FCA extends UK crypto-asset business registration deadline until 2022
The need for UK crypto-asset service providers to register with the FCA was introduced on 10 January 2020, when the government transposed the EU Fifth Anti-Money Laundering Directive into domestic law. The transposing instrument made crypto-asset businesses subject to the Money Laundering, Terrorist Financing and Transfer of Funds (Information on the Payer) Regulations 2017, with the FCA as supervisor.
Crypto-asset businesses already in existence at that date were offered a temporary registration regime that entitled them to continue to trade until 9 July 2021, provided they had applied for registration with the FCA before 16 December 2020. New crypto-asset firms that were not operating before January 2020 are required to register with the FCA before they begin business.
However, an unprecedented number of businesses have withdrawn their applications from the registration system because they were unable to meet the standards required, according to the FCA. It says it will register firms only where it is confident that processes are in place to identify and prevent money laundering activity, although it is also concerned about consumers losing money by investing in crypto-assets, since the agency has no powers to supervise service providers' protection of client accounts or to monitor the advice they give.
In April, law firm Mishcon de Reya obtained a Freedom of Information Act 2000 response from the FCA showing that only four UK crypto-asset businesses have succeeded in obtaining registration. Of the 209 applications made to the FCA since January 2020, most of which are from new applicants, 39 applications had been withdrawn, usually where the FCA has told the firms they are unlikely to succeed. The other 166 remain outstanding, although the regulations state that FCA decisions should be made within three months of the date of application.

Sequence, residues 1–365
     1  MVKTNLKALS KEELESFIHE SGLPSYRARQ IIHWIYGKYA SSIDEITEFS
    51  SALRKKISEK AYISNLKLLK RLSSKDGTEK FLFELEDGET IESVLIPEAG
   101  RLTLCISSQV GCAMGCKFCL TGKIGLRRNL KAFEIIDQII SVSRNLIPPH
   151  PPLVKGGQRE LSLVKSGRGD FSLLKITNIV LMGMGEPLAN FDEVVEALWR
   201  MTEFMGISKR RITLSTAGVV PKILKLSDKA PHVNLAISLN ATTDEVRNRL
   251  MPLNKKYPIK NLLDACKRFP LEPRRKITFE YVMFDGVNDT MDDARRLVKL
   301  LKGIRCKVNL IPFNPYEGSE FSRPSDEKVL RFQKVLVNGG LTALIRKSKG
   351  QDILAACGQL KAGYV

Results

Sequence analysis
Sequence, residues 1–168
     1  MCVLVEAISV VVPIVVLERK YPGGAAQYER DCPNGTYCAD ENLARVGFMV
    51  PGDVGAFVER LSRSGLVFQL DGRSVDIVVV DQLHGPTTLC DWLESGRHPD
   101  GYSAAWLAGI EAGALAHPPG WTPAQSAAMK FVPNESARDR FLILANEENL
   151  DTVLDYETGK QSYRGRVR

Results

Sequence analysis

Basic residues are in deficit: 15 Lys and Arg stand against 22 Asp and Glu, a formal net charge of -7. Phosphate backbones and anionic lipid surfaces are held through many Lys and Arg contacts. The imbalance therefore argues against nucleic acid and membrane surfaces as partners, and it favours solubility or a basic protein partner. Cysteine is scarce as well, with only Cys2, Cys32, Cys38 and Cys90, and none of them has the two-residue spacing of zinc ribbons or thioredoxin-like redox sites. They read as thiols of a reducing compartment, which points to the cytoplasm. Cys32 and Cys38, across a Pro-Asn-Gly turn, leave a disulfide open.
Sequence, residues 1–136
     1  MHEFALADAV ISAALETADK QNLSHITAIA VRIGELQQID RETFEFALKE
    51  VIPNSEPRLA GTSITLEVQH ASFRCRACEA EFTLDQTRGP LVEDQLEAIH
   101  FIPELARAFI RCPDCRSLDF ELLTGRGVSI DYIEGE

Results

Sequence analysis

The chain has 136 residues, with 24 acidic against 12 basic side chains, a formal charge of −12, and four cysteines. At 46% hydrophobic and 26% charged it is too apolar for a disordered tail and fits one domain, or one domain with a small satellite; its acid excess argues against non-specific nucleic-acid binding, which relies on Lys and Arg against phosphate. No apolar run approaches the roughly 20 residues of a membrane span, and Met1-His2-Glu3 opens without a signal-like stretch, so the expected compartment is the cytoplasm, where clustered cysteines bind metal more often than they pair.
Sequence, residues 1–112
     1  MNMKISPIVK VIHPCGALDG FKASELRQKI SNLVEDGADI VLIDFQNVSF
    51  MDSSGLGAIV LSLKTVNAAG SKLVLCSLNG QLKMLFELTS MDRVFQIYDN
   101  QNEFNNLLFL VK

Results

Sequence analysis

The FCA has now announced that it is extending the end date of the temporary registrations regime for existing crypto-asset businesses from the previous date of 9 July 2021 to 31 March 2022. This will allow crypto-asset firms to continue trading while the FCA continues with its assessments.
However, Mishcon notes that crypto-asset firms do not need to be authorised by the FCA in order to operate, only to be registered by it, and the only requirement for registration under the Money Laundering Regulations is that applicants should be 'fit and proper'. This requires an assessment of the regulatory history of the firm, its officers and beneficial owners, an assessment of the risk that the business may be used for money laundering or terrorist financing and whether the firm and its staff have adequate skills and experience.
In implementing the regulations, the FCA is however also requesting that applicants provide a ‘long and detailed list of documents and information,’ says Mishcon. As well as anti-money laundering (AML) policies and procedures, this includes a business plan, marketing plan, details of IT systems, policies and procedures, three-year budget forecasts and financials, among other documents: a process that has turned out to be difficult for firms.
Mishcon cites an open letter sent by crypto-asset trade association Crypto UK to the Chancellor of the Exchequer in March 2021, arguing that the registration regime was meant only to ensure crypto-asset firms implement and adhere to financial industry standard AML practices.
The content displayed here is subject to our disclaimer. Read more